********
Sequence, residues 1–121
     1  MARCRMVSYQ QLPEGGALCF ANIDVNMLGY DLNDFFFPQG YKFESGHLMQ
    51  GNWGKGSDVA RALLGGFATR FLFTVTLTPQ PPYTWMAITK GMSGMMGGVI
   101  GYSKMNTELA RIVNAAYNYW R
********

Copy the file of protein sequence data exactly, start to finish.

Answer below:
Sequence, residues 1–121
     1  MARCRMVSYQ QLPEGGALCF ANIDVNMLGY DLNDFFFPQG YKFESGHLMQ
    51  GNWGKGSDVA RALLGGFATR FLFTVTLTPQ PPYTWMAITK GMSGMMGGVI
   101  GYSKMNTELA RIVNAAYNYW R